Unincorporated associations, such as LLCs, present particular challenges for establishing federal diversity jurisdiction. In BRT Management LLC v. Malden Storage LLC, the United States Court of Appeals for the First Circuit recently reversed a District Court judgment awarding over $10 million to defendant LLCs on their counterclaims, finding that the record below failed to demonstrate the existence of diversity jurisdiction. The First Circuit ruled that, despite six years of litigation and a bench trial, the parties were unable to establish the citizenship of the defendant LLCs to support the exercise of federal diversity jurisdiction.
BRT Management LLC (“BRT”) filed suit against Malden Storage, LLC (“Malden”), Plain Avenue Storage, LLC (“Plain Avenue”), and Banner Drive Storage, LLC (“Banner”) in the United States District Court for the District of Massachusetts. Banner was later dismissed in an effort to preserve jurisdiction. BRT alleged that it was a citizen of Massachusetts and that defendants were Delaware LLCs with principal places of business in Illinois. The District Court ordered BRT to show cause why the action should not be dismissed for lack of subject matter jurisdiction.
As the First Circuit explained, under federal law the citizenship of unincorporated legal entities, including LLCs and trusts, for diversity purposes is the citizenship of the entities’ members. If the members of an LLC are themselves unincorporated entities, the citizenship of their members must be disclosed as well to determine citizenship in an iterative process tracing the “citizenship of any member that is an unincorporated association through however many lawyers of members or partners there may be.” Eventually the District Court was satisfied, and after a bench trial awarded over $10 million to the defendants.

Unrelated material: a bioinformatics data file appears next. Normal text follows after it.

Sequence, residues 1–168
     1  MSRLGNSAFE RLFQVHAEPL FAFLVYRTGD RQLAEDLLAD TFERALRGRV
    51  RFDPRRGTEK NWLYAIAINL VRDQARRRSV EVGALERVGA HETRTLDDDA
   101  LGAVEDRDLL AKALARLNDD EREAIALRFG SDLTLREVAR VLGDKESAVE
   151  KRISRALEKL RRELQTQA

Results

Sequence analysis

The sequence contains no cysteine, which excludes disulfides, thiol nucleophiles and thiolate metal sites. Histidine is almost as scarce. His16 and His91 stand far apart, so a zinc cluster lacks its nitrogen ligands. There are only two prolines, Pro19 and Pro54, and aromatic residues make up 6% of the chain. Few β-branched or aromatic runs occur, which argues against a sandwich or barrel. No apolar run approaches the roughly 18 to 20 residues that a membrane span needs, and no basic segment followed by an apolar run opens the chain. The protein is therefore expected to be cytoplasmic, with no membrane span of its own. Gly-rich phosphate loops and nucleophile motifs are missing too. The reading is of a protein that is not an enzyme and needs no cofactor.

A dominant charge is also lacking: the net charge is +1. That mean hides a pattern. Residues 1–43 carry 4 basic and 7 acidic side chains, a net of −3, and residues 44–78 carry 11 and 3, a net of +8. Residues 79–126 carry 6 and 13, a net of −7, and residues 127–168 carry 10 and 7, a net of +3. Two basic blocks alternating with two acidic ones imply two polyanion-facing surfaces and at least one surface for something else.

On appeal, the First Circuit ordered the parties to demonstrate complete diversity providing federal jurisdiction over the case, finding that the submissions below were inadequate. While the parties did identify the ultimate members of the defendant LLCs, including individuals, corporations and trusts, they only identified the trusts’ citizenship by the domiciles of their trustees. The First Circuit stated that the parties failed to undertake the iterative process required to determine citizenship. Trusts, with some exceptions, take the citizenship of all their members or beneficiaries. Where information regarding the members of the trusts was not provided, diversity had not been established.
The First Circuit therefore vacated the judgment and remanded the case to the District Court to determine whether diversity subject matter jurisdiction exists. Recognizing the challenges for a party attempting to assert diversity jurisdiction where information on citizenship lies in the hands of opposing parties, the First Circuit did endorse the lower court’s approach allowing limited jurisdictional discovery to confirm a party’s good faith assertion of complete diversity. Litigants should be prepared to pursue the entire iterative process required by the First Circuit for any diversity claim involving unincorporated associations.
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